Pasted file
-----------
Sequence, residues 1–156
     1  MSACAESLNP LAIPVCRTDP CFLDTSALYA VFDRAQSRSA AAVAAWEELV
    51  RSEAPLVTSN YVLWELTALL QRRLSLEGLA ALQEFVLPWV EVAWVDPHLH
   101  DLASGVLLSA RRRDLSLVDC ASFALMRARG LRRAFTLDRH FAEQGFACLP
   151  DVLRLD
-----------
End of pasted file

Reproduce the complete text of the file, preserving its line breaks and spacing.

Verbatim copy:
Sequence, residues 1–156
     1  MSACAESLNP LAIPVCRTDP CFLDTSALYA VFDRAQSRSA AAVAAWEELV
    51  RSEAPLVTSN YVLWELTALL QRRLSLEGLA ALQEFVLPWV EVAWVDPHLH
   101  DLASGVLLSA RRRDLSLVDC ASFALMRARG LRRAFTLDRH FAEQGFACLP
   151  DVLRLD